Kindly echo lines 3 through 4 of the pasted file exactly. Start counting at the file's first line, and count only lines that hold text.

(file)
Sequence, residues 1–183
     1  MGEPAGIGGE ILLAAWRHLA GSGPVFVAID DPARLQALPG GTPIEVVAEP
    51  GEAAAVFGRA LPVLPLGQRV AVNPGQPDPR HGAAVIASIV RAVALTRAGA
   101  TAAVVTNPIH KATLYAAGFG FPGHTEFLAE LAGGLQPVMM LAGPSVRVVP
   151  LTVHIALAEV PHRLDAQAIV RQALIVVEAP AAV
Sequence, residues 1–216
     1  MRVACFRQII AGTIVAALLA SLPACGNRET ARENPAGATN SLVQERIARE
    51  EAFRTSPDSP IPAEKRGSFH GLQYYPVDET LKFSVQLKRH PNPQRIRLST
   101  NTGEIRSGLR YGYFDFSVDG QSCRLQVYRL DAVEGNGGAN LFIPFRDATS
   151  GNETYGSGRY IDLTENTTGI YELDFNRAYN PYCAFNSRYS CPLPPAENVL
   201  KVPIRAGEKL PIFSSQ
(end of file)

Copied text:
    51  GEAAAVFGRA LPVLPLGQRV AVNPGQPDPR HGAAVIASIV RAVALTRAGA
   101  TAAVVTNPIH KATLYAAGFG FPGHTEFLAE LAGGLQPVMM LAGPSVRVVP